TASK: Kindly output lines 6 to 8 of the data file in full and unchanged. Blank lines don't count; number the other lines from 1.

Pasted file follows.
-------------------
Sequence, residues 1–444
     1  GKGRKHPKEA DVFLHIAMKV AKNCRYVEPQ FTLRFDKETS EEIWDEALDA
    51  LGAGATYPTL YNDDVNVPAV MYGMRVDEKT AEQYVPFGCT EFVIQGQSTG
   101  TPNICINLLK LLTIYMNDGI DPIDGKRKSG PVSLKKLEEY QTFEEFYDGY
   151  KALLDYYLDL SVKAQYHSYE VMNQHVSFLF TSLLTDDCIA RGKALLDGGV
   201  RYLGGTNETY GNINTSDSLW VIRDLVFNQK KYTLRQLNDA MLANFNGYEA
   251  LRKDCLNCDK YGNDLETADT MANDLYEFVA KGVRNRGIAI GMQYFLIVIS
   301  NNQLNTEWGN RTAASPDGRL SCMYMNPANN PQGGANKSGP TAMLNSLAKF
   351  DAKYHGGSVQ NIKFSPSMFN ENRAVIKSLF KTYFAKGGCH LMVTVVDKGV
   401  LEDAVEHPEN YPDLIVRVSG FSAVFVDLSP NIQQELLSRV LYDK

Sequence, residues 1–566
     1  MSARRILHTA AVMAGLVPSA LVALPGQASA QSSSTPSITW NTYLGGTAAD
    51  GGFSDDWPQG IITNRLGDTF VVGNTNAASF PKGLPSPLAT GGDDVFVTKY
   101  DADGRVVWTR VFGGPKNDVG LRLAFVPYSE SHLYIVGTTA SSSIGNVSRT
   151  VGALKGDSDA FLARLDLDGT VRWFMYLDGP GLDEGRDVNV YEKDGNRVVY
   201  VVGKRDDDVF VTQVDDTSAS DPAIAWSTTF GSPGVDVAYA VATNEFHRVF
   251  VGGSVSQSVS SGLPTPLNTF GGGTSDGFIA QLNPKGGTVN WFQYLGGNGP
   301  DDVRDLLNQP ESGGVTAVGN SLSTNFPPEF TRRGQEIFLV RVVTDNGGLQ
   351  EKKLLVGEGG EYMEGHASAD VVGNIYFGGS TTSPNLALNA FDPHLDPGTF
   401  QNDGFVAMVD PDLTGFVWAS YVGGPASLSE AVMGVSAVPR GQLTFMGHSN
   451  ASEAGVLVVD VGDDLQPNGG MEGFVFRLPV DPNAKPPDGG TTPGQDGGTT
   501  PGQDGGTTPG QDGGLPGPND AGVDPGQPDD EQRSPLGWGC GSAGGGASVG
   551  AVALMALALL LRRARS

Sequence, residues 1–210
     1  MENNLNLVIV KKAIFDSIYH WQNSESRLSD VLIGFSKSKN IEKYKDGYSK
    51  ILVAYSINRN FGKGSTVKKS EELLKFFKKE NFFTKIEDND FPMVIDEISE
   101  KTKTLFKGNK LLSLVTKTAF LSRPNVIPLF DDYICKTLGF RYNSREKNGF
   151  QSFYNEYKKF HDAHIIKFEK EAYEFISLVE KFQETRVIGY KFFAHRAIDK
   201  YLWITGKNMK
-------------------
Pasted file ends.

   201  RYLGGTNETY GNINTSDSLW VIRDLVFNQK KYTLRQLNDA MLANFNGYEA
   251  LRKDCLNCDK YGNDLETADT MANDLYEFVA KGVRNRGIAI GMQYFLIVIS
   301  NNQLNTEWGN RTAASPDGRL SCMYMNPANN PQGGANKSGP TAMLNSLAKF